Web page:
The poverty report for 2010, which was released this month, paints a grim picture even though the number of poor in the country has dropped.
"The general picture is bleak," said Welfare and Social Services Minister Moshe Kahlon in a joint press conference with National Insurance Institute Director General Esther Dominissini on Thursday. "Slightly less than 20% of the families in Israel are poor. A third of all children are poor."
According to the annual Poverty and Social Gaps Report, in 2010 433,300 families lived under the poverty line. The poor households were comprised of 1,733,400 individuals, 837,000 of whom were children. The poverty rate dropped from 20.5% in 2009 to 19.8%. The percentage of poor kids dropped from 36.45% to 35.3%.
A slight drop has registered in the percentage of the elderly poor, which went from 20.1% in 2009 to 19.6%. But the data showed that those who remained under the poverty line found themselves worse off than the previous year. In the Arab sector, the poverty rate among working families remain largely unchanged, dropping from 13.4% to 13.2%.
Despite the reductions in the rates, the report indicates that working, poor families across the board have plunged into a deeper state of destitution compared to the previous year.
Kahlon told reporters Thursday that the situation could be remedied through government intervention and better economic policy.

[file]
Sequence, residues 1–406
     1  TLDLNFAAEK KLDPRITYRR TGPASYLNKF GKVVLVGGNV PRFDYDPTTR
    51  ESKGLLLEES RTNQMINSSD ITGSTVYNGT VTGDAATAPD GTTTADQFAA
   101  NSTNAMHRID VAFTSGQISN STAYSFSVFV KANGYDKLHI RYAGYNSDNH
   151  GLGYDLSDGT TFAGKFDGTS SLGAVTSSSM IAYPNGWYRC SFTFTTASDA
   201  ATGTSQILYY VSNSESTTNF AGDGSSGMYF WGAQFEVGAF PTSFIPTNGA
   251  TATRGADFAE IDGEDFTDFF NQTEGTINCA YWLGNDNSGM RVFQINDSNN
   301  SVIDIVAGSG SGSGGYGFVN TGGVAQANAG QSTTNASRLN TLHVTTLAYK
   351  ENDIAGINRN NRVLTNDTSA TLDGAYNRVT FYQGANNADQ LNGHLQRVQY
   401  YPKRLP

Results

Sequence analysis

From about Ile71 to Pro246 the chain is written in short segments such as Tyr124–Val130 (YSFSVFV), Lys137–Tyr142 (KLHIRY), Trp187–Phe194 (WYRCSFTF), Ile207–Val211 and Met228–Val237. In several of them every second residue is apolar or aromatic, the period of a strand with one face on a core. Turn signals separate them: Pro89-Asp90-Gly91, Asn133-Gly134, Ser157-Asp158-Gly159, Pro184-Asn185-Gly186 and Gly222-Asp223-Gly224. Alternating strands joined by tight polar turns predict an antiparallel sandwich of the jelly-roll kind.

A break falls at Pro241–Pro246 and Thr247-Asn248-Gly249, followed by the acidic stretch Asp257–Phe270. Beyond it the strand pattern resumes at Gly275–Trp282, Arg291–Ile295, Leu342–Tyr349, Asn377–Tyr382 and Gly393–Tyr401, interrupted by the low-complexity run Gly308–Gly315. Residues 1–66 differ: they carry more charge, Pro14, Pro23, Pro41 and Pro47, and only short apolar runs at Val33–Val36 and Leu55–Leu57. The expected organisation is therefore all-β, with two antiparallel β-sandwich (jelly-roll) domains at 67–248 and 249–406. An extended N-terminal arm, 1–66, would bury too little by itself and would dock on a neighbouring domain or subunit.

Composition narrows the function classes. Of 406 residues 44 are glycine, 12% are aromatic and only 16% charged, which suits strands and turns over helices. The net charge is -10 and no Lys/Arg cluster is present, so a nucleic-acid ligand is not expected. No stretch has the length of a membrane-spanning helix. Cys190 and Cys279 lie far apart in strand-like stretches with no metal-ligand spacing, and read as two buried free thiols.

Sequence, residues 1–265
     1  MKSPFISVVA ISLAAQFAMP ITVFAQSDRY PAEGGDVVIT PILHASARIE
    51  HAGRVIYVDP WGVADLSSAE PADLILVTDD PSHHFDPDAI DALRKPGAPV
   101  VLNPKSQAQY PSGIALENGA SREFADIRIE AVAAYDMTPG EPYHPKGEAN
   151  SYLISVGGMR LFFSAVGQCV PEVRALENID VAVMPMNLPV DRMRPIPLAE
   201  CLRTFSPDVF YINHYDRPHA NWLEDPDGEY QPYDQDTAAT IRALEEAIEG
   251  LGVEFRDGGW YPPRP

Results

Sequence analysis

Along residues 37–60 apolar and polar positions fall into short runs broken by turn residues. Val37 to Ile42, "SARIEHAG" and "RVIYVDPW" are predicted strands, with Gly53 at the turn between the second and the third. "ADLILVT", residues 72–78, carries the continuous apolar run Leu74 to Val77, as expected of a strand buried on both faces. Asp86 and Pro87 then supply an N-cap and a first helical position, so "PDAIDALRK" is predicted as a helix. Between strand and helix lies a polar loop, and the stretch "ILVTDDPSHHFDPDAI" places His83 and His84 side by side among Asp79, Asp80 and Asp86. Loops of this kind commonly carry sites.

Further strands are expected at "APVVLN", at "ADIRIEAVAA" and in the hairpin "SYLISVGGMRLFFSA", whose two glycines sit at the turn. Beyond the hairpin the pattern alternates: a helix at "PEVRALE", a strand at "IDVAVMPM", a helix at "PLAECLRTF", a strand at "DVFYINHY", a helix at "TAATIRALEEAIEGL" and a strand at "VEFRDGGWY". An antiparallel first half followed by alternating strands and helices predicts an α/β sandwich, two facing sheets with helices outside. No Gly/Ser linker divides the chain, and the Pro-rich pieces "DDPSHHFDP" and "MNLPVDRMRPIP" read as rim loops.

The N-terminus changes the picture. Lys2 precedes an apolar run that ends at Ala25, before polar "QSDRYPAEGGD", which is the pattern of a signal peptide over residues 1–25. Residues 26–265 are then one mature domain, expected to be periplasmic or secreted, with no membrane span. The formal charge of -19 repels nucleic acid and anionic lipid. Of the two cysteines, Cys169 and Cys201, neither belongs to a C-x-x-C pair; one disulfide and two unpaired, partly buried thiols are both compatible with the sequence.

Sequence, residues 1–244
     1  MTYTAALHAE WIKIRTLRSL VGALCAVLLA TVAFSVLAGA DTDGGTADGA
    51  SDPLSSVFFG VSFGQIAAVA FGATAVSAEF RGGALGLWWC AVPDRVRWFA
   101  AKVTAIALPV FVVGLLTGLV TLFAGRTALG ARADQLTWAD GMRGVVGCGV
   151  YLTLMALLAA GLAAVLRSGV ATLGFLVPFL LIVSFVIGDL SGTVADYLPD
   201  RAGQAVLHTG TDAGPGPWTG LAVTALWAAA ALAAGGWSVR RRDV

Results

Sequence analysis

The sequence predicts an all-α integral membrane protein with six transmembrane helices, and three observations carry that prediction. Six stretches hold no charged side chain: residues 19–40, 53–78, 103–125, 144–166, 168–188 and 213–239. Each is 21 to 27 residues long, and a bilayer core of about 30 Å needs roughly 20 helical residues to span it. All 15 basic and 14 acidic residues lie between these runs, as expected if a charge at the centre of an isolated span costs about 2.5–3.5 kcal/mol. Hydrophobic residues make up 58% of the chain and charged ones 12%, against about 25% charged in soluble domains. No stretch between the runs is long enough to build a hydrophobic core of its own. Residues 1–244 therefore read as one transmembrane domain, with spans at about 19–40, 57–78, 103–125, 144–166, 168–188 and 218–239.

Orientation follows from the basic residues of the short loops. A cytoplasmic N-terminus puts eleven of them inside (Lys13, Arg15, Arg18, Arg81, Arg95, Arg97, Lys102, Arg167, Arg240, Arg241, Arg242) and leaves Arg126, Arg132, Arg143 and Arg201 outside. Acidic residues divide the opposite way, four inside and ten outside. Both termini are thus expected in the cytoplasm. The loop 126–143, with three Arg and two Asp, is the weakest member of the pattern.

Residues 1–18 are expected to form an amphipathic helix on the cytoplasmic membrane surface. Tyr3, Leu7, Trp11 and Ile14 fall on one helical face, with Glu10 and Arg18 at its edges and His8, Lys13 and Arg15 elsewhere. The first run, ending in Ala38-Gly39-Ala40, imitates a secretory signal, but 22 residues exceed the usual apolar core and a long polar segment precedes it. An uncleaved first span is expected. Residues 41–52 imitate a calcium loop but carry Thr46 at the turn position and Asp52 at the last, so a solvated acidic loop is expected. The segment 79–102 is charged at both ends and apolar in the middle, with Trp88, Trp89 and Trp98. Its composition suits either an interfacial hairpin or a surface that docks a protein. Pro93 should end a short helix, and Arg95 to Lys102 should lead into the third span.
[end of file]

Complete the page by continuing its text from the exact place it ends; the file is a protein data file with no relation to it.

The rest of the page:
"Poverty is not predestined," he said. "No one is born with the genes of a poor person."
Long way to go
Dominissini added that that the report indicates a positive trend and noted that better findings are expected in the next report, but admitted that that the situation stands to be improved.
"There is still a long way to go," she said. "The poverty rates are in the double digits, and the state of Israel should not accept that."
The National Insurance Institute chief said that Israel isn't faring well compared to other OECD member nations.
"It's last before Mexico," she said. "As a welfare state, we don’t want to be in the lowest extreme."
Dominissini called on the government to make poverty a top priority.
"(The issue) has to be on the government's agenda everyday, as a long-term plan, because poverty cannot be eradicated in a day or in two years," she said.
She added that implementing the Trajtenberg Committee's blueprint for socioeconomic change could help fight the unfortunate phenomenon.
According to 2009's report, published last year, a quarter of the population was considered poor – 1,774,800 people. Some 15,000 families went under the poverty line that year, most of them families with multiple children.
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